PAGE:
Also available on the SIGACCESS website is the monthly ‘left field’ column (see http://www.acm.org/sigaccess/leftfield/). This column, initiated by Simon Harper, brings up topics and issues related to accessibility that arise from ACM publications not part of the SIGACCESS publications. As with the newsletter, the ‘left field’ column has undergone a change in editor. Yeliz Yesilada of the University of Manchester assumed the writing of the column a few months ago. We thank her for stepping up to this. At the same time, we wish to thank Simon Harper for all his efforts in launching the successful column and keeping SIGACCESS members apprised of a wide range of ACM publications that gave our community new perspectives on our work.
Developing students

A key focus for SIGACCESS is developing new researchers. The SIG has taken many steps to address this goal. Among those activities are the following that were part of our 2007 initiatives:

The SIGACCESS website has a new repository of information about Ph.D. and Master’s theses related to assistive technologies, computer access, and the application of computing and information technology in solving relevant disability problems. This information is available on the SIGACCESS website at http://www.acm.org/sigaccess/phd/index.php. This site can be used not only to learn about this work (sometimes in advance of its publication), but also as a resource for locating universities and faculty active in the area. Students wishing to publish their work can find an online submission form on the website.

SIGACCESS hosted an ACM Student Research Competition (SRC) event for the first time at ASSETS’06 (see above).
SIGACCESS is grateful to the National Science Foundation for again sponsoring the Doctoral Consortium at ASSETS’06 (see above). The highly successful event will be continued at the upcoming ASSETS’07 conference.
SIGACESS participated in cooperation with the ITiCSE’07 conference. This conference on Computer Science Education had a focus on inclusive education, see http://iticse2007.computing.dundee.ac.uk/.

SIGACCESS Advisory Panel

The SIGACCESS By-Laws allow for the appointment of an Advisory Panel to work with the SIG’s elected officers, http://www.acm.org/sigaccess/mission.php. This past year, a new panel was appointed, consisting of the following members:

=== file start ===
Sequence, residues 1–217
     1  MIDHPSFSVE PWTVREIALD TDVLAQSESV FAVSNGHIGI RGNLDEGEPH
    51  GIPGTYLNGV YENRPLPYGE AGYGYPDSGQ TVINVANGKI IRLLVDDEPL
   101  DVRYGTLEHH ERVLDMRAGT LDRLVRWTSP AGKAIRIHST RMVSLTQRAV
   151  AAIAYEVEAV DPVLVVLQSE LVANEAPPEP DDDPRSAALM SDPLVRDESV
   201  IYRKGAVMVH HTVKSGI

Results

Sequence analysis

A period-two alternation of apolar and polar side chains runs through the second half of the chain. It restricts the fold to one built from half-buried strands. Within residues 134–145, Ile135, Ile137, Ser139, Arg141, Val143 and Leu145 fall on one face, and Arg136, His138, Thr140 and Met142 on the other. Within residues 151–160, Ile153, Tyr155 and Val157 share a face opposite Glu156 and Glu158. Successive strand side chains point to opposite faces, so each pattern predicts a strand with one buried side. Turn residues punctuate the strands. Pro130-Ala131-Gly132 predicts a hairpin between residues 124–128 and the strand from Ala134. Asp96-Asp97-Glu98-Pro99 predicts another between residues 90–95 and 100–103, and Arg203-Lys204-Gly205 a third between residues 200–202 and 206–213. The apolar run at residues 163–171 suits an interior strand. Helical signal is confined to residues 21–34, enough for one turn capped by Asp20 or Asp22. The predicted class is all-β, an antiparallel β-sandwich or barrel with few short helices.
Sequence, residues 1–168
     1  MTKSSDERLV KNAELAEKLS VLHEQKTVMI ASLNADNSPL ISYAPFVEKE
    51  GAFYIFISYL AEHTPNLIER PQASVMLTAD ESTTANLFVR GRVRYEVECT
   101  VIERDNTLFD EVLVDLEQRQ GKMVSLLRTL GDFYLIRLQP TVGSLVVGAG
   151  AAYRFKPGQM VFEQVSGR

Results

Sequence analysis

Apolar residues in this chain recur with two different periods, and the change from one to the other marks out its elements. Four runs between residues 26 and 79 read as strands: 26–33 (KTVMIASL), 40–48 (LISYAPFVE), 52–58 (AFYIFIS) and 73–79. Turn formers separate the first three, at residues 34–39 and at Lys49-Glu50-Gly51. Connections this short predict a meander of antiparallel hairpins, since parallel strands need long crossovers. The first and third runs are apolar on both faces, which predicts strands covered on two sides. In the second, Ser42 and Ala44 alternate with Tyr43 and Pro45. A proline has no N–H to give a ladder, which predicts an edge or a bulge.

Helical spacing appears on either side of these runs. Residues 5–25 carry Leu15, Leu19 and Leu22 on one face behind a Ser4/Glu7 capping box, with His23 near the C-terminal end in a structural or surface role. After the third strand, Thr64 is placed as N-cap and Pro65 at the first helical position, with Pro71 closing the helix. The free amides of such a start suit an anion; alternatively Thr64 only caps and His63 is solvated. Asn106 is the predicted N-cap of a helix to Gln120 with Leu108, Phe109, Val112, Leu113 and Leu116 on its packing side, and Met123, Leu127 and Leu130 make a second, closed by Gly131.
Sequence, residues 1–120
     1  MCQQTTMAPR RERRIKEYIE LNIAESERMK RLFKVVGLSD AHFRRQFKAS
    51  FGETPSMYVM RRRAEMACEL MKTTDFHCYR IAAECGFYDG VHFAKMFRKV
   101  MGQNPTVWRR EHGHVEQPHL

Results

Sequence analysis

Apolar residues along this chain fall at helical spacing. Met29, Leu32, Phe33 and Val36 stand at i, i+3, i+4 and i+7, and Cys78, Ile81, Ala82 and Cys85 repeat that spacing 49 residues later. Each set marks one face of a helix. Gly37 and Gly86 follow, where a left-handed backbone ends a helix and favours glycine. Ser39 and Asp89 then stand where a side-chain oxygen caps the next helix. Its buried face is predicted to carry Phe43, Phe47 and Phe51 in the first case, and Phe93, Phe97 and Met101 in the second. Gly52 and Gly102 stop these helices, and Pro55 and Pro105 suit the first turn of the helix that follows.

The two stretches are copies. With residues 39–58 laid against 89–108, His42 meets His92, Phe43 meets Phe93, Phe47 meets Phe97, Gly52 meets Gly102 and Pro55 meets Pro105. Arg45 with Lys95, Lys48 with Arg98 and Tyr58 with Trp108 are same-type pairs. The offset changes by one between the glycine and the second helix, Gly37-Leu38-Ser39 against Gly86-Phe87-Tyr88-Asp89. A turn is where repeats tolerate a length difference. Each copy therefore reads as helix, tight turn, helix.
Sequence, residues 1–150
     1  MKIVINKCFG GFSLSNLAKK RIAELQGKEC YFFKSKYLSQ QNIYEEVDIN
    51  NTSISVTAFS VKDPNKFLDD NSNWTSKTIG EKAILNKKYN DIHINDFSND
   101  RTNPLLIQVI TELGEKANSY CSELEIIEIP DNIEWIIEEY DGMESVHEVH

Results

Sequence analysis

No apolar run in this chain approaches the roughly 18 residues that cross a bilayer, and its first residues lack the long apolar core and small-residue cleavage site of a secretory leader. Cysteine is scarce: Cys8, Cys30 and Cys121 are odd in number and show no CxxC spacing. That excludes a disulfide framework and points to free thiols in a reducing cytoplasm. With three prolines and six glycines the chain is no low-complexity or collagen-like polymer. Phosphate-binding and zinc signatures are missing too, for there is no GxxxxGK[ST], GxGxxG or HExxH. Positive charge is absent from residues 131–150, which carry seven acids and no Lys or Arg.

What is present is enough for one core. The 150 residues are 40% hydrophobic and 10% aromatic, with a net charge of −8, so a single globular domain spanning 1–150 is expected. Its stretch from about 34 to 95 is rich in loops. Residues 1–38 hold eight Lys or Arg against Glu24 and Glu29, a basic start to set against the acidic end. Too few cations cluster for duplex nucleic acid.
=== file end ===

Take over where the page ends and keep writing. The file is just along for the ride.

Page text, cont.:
Clayton Lewis, USA

Constantine Stephanidis, Greece

Marilyn Tremaine, USA

Other Activities

SIGACCESS began some work on policy issues this year. Clayton Lewis from the University of Colorado serves as Policy Coordinator for the SIG.


SIGACCESS continues to partner with National Alliance for Access to Computing Careers (AccessComputing) for the purpose of increasing the representation of people with disabilities in a wide range of computing careers, including those in computer science, information systems, software development, computer engineering, systems management and maintenance, and teaching. More information about AccessComputing can be found at http://www.acm.org/sigaccess/newsletter/june06/june06_01.php and http://www.washington.edu/accesscomputing/

SIGACCESS provided financial support for the International Cross Disciplinary Workshop on Web Accessibility 2007 (W4A) at the WWW Conference in Banff this past May (see http://www.w4a.info/2007/ ). The workshop had the theme ‘Web 2.0 and the Semantic Web: Hindrance or Opportunity?”

SIGACCESS participated in cooperation with the following two conferences:
The 12th Annual ACM Conference on Innovation and Technology in Computer Science Education (ITiCSE’07), with the theme of “Inclusive Education in Computer Science”. http://iticse2007.computing.dundee.ac.uk/

i-CREATe07: International Conference for Rehabilitation Engineering & Assistive Technology, Singapore http://www.i-create2007.org/



SIGACT FY’07 Annual Report

July 2006 - June 2007

Submitted by: Richard E. Ladner, SIGACT Chair

1. Awards




  • Gödel Prize: Alexander A. Razborov and Steven Rudich for Prize for "Natural Proofs", Journal of Computer and System Sciences, Vol. 55, No. 1, 1997, pp. 24-35. It was first presented at STOC in the Montreal, Quebec, Canada. 1994, pp. 204 - 213. The Gödel Prize is awarded jointly by SIGACT and EATCS.



  • Donald E. Knuth Prize: Nancy Lynch for seminal and influential contributions to the theory of distributed computing. The Knuth Prize is given jointly by SIGACT and IEEE Computer Society TCMFC.